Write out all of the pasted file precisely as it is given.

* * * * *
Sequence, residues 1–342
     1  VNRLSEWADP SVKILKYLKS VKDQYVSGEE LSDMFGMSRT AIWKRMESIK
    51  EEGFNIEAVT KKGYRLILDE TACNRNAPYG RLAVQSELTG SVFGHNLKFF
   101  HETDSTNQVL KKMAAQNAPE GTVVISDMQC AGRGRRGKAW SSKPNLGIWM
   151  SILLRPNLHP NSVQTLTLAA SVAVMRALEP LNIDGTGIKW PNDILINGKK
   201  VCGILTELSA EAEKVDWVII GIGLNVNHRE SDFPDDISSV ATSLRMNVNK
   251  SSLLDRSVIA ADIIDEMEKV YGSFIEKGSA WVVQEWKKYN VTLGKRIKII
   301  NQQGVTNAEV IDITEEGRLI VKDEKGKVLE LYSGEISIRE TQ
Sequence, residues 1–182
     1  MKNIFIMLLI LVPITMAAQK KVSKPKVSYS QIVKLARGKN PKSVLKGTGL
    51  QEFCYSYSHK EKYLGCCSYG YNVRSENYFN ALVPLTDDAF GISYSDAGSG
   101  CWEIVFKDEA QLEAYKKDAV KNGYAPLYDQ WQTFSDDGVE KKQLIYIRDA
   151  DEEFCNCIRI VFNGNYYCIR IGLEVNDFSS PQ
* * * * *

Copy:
Sequence, residues 1–342
     1  VNRLSEWADP SVKILKYLKS VKDQYVSGEE LSDMFGMSRT AIWKRMESIK
    51  EEGFNIEAVT KKGYRLILDE TACNRNAPYG RLAVQSELTG SVFGHNLKFF
   101  HETDSTNQVL KKMAAQNAPE GTVVISDMQC AGRGRRGKAW SSKPNLGIWM
   151  SILLRPNLHP NSVQTLTLAA SVAVMRALEP LNIDGTGIKW PNDILINGKK
   201  VCGILTELSA EAEKVDWVII GIGLNVNHRE SDFPDDISSV ATSLRMNVNK
   251  SSLLDRSVIA ADIIDEMEKV YGSFIEKGSA WVVQEWKKYN VTLGKRIKII
   301  NQQGVTNAEV IDITEEGRLI VKDEKGKVLE LYSGEISIRE TQ
Sequence, residues 1–182
     1  MKNIFIMLLI LVPITMAAQK KVSKPKVSYS QIVKLARGKN PKSVLKGTGL
    51  QEFCYSYSHK EKYLGCCSYG YNVRSENYFN ALVPLTDDAF GISYSDAGSG
   101  CWEIVFKDEA QLEAYKKDAV KNGYAPLYDQ WQTFSDDGVE KKQLIYIRDA
   151  DEEFCNCIRI VFNGNYYCIR IGLEVNDFSS PQ